Learning About the World

Mathematics


Number Relationships and Operations -- Numbers and Operations in Base Ten

Goal 1: Children develop an understanding of the base-ten system and use place-value notation.

By the end of each age group or grade level, most children will have met prior age group or grade level standards in this domain.

Infants Through Older Toddlers

Infants

(0-12 Months)

  1. No standards in this age group for this Element.

Young Toddlers

(9-18 Months)

  1. No standards in this age group for this Element.

Older Toddlers

(18-36 Months)

  1. No standards in this age group for this Element.
Younger Preschoolers Through Kindergartners

Younger Preschoolers

(36-48 months)

  1. No standards in this age group for this Element.

Older Preschoolers

(48-60 months)

  1. No standards in this age group for this Element.

Kindergartners

Work with numbers 11-19 to gain foundations for place value

  1. Compose and decompose numbers from 11 to 19 into ten ones and some further ones (e.g., by using objects or drawings, and record each composition or decomposition by a drawing or equation such as 18 = 10 + 8); understand that these numbers are composed of ten ones and one, two, three, four, five, six, seven, eight, or nine ones.
First Graders Through Third Graders

First Graders

Extend the counting sequence.

  1. Count to 120, starting at any number less than 120. In this range, read and write numerals and represent a number of objects with a written numeral.

Understand place value.

  1. Understand that the two digits of a two-digit number represent amounts of tens and ones.
  2. Compare two two-digit numbers based on meanings of the tens and ones digits, recording the results of comparisons with the symbols >, =, and <

Use place value understanding and properties of operations to add and subtract.

  1. Add within 100, including adding a two-digit number and a one-digit number, and adding a two-digit number and a multiple of 10, using concrete models or drawings and strategies based on place value, properties of operations, and/or the relationship between addition and subtraction
  2. Given a two-digit number, mentally find 10 more or 10 less than the number, without having to count; explain reasoning used.
  3. Subtract multiples of 10 in the range 10-90 from multiples of 10 in the range 10-90 (positive or zero differences), using concrete models or drawings and strategies based on place value, properties of operations, and/or the relationship between addition and subtraction; relate the strategy to a written method and explain the reasoning used.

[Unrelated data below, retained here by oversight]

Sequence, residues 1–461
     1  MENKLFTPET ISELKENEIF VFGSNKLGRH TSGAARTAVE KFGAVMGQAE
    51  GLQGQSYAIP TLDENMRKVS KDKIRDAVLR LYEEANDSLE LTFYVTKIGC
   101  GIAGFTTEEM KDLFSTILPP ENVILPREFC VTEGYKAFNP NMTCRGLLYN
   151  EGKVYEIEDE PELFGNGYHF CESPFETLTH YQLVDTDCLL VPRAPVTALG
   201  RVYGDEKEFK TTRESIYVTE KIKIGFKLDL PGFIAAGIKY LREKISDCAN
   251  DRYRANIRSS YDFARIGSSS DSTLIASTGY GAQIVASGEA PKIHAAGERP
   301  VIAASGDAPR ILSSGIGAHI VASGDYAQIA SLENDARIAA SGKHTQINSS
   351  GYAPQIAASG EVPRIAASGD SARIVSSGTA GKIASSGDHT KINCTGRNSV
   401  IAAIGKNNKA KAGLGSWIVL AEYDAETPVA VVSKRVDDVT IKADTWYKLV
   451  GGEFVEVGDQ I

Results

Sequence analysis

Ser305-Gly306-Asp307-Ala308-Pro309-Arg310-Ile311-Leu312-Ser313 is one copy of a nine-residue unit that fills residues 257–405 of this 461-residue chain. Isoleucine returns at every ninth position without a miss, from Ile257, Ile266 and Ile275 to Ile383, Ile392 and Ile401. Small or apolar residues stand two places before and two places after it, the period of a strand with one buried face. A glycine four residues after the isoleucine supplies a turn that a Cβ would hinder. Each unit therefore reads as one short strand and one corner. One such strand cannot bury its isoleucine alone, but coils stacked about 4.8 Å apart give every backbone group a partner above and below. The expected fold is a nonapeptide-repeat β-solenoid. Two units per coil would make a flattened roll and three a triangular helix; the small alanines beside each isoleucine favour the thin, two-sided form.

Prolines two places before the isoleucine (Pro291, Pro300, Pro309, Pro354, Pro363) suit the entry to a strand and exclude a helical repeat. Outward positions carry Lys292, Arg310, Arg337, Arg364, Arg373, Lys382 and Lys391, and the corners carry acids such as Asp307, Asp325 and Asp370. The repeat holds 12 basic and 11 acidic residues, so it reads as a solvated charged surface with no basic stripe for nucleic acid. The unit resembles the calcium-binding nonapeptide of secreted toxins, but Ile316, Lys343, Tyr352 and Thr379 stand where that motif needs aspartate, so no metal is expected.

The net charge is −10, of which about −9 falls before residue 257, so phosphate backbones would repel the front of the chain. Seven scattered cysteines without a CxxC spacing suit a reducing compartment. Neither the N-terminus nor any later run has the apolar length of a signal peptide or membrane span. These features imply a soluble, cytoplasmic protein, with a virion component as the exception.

Second Graders

Understand place value.

  1. Understand that the three digits of a three-digit number represent amounts of hundreds, tens, and ones; e.g., 706 equals 7 hundreds, 0 tens, and 6 ones.
  2. Count within 1000; skip-count by 5s, 10s, and 100s.
  3. Read and write numbers to 1000 using base-ten numerals, number names, and expanded form.
  4. Compare two three-digit numbers based on meanings of the hundreds, tens, and ones digits, using >, =, and < symbols to record the results of comparisons

Use place value understanding and properties of operations to add and subtract.

  1. Fluently add and subtract within 100 using strategies based on place value, properties of operations, and/or the relationship between addition and subtraction.
  2. Add up to four two-digit numbers using strategies based on place value and properties of operations.
  3. Add and subtract within 1000, using concrete models or drawings and strategies based on place value, properties of operations, and/or the relationship between addition and subtraction; relate the strategy to a written method.
  4. Mentally add 10 or 100 to a given number 100–900, and mentally subtract 10 or 100 from a given number 100–900.
  5. Explain why addition and subtraction strategies work, using place value and the properties of operations.

Third Graders

Use place value understanding and properties of operations to perform multi-digit arithmetic.

  1. Use place value understanding to round whole numbers to the nearest 10 or 100
  2. Fluently add and subtract within 1000 using strategies and algorithms based on place value, properties of operations, and/or the relationship between addition and subtraction.
  3. Multiply one-digit whole numbers by multiples of 10 in the range 10–90 (e.g., 9 × 80, 5 × 60) using strategies based on place value and properties of operations.

Vermont Agency of Education
Secretary Daniel M. French
219 North Main Street, Suite 402
Barre, VT 05641

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